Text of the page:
Concerns about the environment are transforming the ways in which we construct our homes. The U.S. Green Building Council has developed a green building certification program. In other words, a system for rating how sustainable a building is. It is called Leadership in Energy & Environmental Design, or LEED for short. As a set of guidelines, LEED principles can be applied to any kind of building project to certify its environmental impact. As you start your new home construction or renovation project, consider the following features and benefits of LEED certification.
- Less energy use: LEED-certified homes have been shown to consume less water and energy than those that do not meet the specifications. This means a decrease in your monthly utility bill.
- Higher resale: Homes that have been certified by LEED standards can be sold for higher than those that are uncertified. A study in California showed that LEED-certified homes saw their home values increase between 2007 and 2012 by 9 percent more than comparable, non-certified homes.
- Increased well-being: The LEED certifications are designed to benefit the environment, but they also have very real benefits for personal well-being too. The requirements regarding proper ventilation and air filtration reduce the amount of mold and mildew in the air you breathe.
How it works
To receive LEED certification, building projects satisfy prerequisites and earn points to achieve different levels of certification. Prerequisites and credits differ for each rating system, and teams choose the best fit for their project.
Each rating system groups requirements that address the unique needs of building and project types on their path towards LEED certification. Once a project team chooses a rating system, they’ll use the appropriate credits to guide design and operational decisions.
There are five rating systems that address multiple project types:
- Building Design & Construction
- Interior Design & Construction
- Building Operations and Maintenance
- Neighborhood Development
The number of points the project earns determines its level of LEED certification. All in all, there are four levels:
- Certified (40 – 49 points)
- Silver (50 – 59 points)
- Gold (60 – 79)
- Platinum (80+ points)
Each rating system is made up of a combination of credit categories. Your build/design team needs to meet specific prerequisites and pursue a variety of credits to earn points towards achieving a LEED certification level. Here is what you need to know about each:
1. Location and transportation: Points are awarded based on the location you choose. Existing infrastructures, plus building in dense and also diverse areas, are the most sustainable choices.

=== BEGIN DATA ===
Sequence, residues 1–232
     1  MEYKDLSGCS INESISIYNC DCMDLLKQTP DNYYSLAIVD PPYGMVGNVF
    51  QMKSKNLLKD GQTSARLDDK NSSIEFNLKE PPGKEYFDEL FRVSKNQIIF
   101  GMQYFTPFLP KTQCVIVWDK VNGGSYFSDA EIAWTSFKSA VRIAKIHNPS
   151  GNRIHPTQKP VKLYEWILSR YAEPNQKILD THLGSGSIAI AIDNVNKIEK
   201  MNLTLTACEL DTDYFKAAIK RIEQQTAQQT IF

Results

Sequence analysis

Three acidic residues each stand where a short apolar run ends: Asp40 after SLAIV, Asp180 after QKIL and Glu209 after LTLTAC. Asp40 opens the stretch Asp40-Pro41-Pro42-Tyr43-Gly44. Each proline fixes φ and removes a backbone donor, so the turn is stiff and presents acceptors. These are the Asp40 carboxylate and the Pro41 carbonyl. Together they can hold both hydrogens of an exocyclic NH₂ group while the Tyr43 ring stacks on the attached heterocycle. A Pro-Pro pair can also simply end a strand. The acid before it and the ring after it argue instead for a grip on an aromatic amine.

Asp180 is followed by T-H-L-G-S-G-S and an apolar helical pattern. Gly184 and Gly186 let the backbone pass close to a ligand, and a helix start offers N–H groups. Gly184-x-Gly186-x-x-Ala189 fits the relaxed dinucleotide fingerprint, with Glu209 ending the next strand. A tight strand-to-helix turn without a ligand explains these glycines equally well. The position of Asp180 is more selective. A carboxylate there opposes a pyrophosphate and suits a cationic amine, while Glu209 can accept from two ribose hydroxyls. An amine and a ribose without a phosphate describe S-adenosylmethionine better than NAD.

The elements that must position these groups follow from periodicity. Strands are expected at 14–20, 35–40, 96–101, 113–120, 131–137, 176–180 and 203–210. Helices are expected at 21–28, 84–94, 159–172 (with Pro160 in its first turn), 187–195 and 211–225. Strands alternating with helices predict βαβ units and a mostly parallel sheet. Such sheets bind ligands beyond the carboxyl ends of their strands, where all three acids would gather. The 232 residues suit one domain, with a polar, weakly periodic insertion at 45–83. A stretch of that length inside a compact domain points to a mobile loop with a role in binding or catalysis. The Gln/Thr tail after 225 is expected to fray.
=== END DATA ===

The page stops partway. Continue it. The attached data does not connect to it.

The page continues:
2. Materials and Resources: The idea with this category is not only to encourage the use of recycled building materials, but also minimize construction waste.
3. Water efficiency: Points are awarded for proper water use management. Good ways to cut down on water use are to invest in water-efficient appliances and harvest rainwater for irrigation.
4. Energy and atmosphere: This is the largest and most complicated category. You must meet minimum Energy Star requirements. In order to reduce energy consumption, invest in more insulation, better windows, heat blocking shading options such as retractable screens, and efficient lighting.
5. Sustainable sites: This area is concerned with your lot’s outdoor living spaces and landscaping. Minimizing storm water runoff and landscaping with native non-invasive plants are important features, but the rating doesn’t only apply to the finished product – points are also awarded for minimizing the effect that the construction process has on the environment.
6. Indoor environmental quality: Points can be awarded for the way in which you manage the indoor air quality, access to daylight and views.
7. Innovation: You can score points for the design and planning process you undertake. This is meant to measure your dedication to LEED principles by rating how well you planned for the project as well as incorporating design measures not covered under the five LEED credit categories.
8. Regional priority credits: Points are given for addressing regional environmental priorities for buildings in different geographic regions.